The biochemistry of benzoyl-CoA reductase has been studied only for the denitrifying bacterium Thauera aromatica so far. The 163-kDa enzyme consists of four different subunits with molecular masses of 49, 48, 44, and 30 kDa, resulting in an αβγδ composition (4). It contains three cysteine-ligated [4Fe-4S]1+/2+ clusters with redox potentials more negative than −500 mV (8). Based on amino acid sequence comparisons with similar enzymes (activase and 2-hydroxyglutaryl-CoA dehydratase from glutamate-fermenting Clostridium [22]), two functionally and structurally different modules can be distinguished in benzoyl-CoA reductase: (i) the 49- and 30-kDa subunits are highly similar to each other and coordinate one [4Fe-4S]1+/2+ cluster in the interface, resulting in an architecture similar to that of the Fe protein of nitrogenase, and (ii) the 48- and 44-kDa subunits form the substrate reduction module harboring two other [4Fe-4S]1+/2+ clusters. In spectroscopic studies, growing evidence was gained that ATP hydrolysis is coupled to the electron activation process, which is required for the electron transfer to the aromatic ring. During ATP hydrolysis, a [4Fe-4S]1+ cluster reversibly changed its spin state from the low-spin (S = 1/2) to the high-spin (S = 7/2) state (5, 8). Very recently, it has been demonstrated that a phosphorylated enzyme is transiently formed during catalysis (43).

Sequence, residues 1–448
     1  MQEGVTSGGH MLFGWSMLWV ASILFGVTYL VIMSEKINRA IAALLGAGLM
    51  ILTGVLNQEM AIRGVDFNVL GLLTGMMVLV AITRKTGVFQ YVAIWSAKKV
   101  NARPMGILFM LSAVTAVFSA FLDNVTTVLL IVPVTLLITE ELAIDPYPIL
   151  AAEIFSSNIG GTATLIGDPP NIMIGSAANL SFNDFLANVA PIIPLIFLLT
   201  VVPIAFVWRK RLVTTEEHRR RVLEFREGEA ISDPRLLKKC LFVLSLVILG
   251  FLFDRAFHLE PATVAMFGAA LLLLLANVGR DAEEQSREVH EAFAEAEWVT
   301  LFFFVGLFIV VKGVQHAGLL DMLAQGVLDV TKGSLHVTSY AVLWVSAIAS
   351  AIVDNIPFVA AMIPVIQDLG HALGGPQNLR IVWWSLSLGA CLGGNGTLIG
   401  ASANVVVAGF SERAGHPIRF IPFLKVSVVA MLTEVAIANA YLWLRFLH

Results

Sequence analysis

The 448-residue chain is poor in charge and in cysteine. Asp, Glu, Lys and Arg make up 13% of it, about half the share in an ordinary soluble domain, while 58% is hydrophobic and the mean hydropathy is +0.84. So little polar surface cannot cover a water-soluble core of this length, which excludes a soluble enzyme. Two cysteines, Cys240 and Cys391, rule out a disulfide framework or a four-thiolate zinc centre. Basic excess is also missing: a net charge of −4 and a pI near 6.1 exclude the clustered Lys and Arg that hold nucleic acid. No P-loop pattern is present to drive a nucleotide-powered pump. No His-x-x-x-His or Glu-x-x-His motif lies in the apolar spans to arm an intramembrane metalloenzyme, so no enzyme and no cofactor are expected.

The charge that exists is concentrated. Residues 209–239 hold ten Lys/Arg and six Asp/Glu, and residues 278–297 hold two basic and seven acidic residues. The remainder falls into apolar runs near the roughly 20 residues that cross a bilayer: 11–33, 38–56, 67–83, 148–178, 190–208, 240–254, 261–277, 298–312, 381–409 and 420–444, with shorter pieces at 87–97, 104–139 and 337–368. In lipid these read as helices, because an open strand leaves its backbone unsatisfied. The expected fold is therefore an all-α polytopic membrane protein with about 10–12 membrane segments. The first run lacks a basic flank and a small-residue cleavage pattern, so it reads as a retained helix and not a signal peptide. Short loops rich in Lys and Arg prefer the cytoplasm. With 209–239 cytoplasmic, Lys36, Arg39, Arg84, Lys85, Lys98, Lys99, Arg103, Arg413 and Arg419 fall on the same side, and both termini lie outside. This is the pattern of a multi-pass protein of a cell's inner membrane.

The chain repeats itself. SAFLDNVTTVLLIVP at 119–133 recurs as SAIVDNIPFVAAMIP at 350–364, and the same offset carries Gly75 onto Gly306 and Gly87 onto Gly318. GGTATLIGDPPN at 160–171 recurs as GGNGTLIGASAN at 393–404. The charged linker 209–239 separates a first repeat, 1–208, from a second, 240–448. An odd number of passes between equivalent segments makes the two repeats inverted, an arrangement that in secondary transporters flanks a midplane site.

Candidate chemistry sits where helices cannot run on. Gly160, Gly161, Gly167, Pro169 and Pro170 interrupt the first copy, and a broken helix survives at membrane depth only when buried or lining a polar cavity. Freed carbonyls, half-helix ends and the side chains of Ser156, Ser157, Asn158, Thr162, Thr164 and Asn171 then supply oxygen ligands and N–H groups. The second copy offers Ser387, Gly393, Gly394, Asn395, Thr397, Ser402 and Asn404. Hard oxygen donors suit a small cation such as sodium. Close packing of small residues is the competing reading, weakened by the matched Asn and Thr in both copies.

In T. aromatica, a 2[4Fe-4S]1+/2+ cluster containing ferredoxin serves as the in vivo electron donor for benzoyl-CoA reductase (6). Evidence has been provided that ferredoxin is the natural electron donor for this enzyme (Km = ~10 μM; cellular concentration of ferredoxin = ~80 μM [6]). The gene coding for ferredoxin is located adjacent to the four genes coding for the four subunits of benzoyl-CoA reductase. Together with other genes, they form the bad gene cluster (benzoic acid degradation), as has been shown for the denitrifying T. aromatica (13) and the phototrophic bacterium Rhodopseudomonas palustris (20). Ferredoxin from T. aromatica belongs to the Chromatium vinosum type of 2[4Fe-4S] ferredoxins. This type differs from the clostridial type by an unusually low redox potential of one of the two [4Fe-4S]1+/2+ clusters (e.g., −587 mV for the ferredoxin from T. aromatica [9] and −660 mV for the ferredoxin from C. vinosum [29]).